After what has been a disruptive two and a half years, Robin reveals what good agency-client relationships look like in an uncertain world.
When agencies and clients work well together, the result is a great marketing campaign. However, It would be fair to say that the last two and a half years brought a lot of change to this relationship. Robin Bonn, founder of Co:definery, a specialist management consultancy for agencies, believes the pandemic accelerated many of the already pre-existing challenges that the agency/client relationship experienced.
Rob joined the What’s Possible Community sessions to discuss what success looks like in the agency/client relationship in this uncertain, post-pandemic world.
With 20 years of experience in growth roles, from start-ups to global networks, as well as independents, Rob is well positioned to have a big-picture view of the industry. In his agency career, he has led winning pitches for the likes of Skype, Eurostar, Spotify, P&G, Microsoft, Facebook and Ford, to name a few. He is also a columnist for Marketing Week.
In Robin’s view, the traditional methods of fostering good relationships with a client was constantly changing pre-pandemic anyways. What remains true for agencies is that the ideal relationship is one where they act as a trusted business partner to the company. During the first lockdown, however, Rob recognised that clients were asking more from their agency partners than ever before.
“They asked agencies to jump higher, more often, and quicker! Agencies had to deal with that. I think that’s deepened the distance between a lot of agencies and the trusted advisor role they would ideally maintain with their client,” Rob said.
Along with the pandemic came a trend of flexible and hybrid working, which has persisted in both the agency and client worlds. This has led to new ways of working and relationship-building from afar. Rob says now is the time for renewed mutual respect and clarity between agencies and clients in what seems to be a new normal. Being client-centric is massively important.
On certain occasions, the agency/client relationship can be a rocky road; mutual respect is seemingly lacking. According to a white paper by Big Black Door, a quarter of clients say agencies are not respectful of them. Moreover, 44% of agencies say a lack of respect for agencies contributed to their worst relationships. Rob has a simple solution to dealing with more complicated relationships: communicate more.
“For two groups of people that depend on one another to varying degrees, it’s remarkable how much more headroom there is to be better and to work more collaboratively. Particularly given that we’re all in the communication industry, we’re not particularly great at it in that dynamic,” Rob said.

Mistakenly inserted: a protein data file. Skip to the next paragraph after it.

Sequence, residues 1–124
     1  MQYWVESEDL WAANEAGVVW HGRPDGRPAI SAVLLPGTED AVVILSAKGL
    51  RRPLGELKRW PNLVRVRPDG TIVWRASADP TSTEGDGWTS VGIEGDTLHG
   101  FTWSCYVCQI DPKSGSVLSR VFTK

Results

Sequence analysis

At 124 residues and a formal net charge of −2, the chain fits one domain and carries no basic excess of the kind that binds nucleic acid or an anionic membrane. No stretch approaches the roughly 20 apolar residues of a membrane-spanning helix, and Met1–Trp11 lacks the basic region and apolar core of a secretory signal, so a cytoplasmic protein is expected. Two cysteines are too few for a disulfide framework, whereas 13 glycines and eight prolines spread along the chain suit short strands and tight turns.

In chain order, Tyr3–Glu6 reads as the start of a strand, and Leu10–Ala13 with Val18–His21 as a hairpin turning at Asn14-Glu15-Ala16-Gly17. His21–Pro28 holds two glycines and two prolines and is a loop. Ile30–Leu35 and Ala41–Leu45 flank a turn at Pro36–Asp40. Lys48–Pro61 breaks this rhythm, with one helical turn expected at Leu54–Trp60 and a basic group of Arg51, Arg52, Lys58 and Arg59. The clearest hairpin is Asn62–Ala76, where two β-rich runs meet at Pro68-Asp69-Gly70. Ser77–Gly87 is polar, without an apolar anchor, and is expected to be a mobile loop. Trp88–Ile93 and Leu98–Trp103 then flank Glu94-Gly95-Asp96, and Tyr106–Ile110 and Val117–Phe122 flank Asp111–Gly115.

“Clients don’t realise how effective their agencies could be, and agencies don’t recognise how happy and profitable they would be if there was a more meaningful, peer-to-peer conversation between them.”
Respect, however, is a two-way road. Rob comments that the balance of service and civility is thrown off-kilter by tense relationships. Agencies dealing with unnecessarily tough clients are starting to distance themselves and sometimes end their association with the client altogether.
Rob says agencies are right to cut ties if the relationship becomes unworkably toxic. He says it costs far more in terms of money, energy, goodwill and morale of the agency to maintain a dysfunctional relationship. He also believes agency staff would view their leaders favourably if they cut off a toxic relationship.
To have successful agency-client relationships, there need to be competent, intelligent marketers working together. Younger marketers working for agencies need a clear path to career development. Agencies should help equip them with the right skills to thrive in the industry. Rob is a proponent of straightening out an agency and taking it on the shortest course from good to great so that client relationships are as smooth as can be.
He says that after the pandemic, young people entering the agency industry need a different kind of support from leaders.
“If you’re running an agency now, there’s more stuff on your plate than you’ve ever had on your plate. DEI, hybrid working, the continued fragmentation of the industry, and you’ve got new channels emerging,” Rob said.
With so many mounting challenges for leaders, developing the next generation of client-facing, fully-developed agency staff while juggling everything an agency deals with at any given moment can stifle development.
“We have to do more to get the right, smart people attracted to the industry, and I think there is loads more work to be done. We have to be smarter with apportioning funds and time and headspace to develop talent once they’re in the building,” Rob concluded.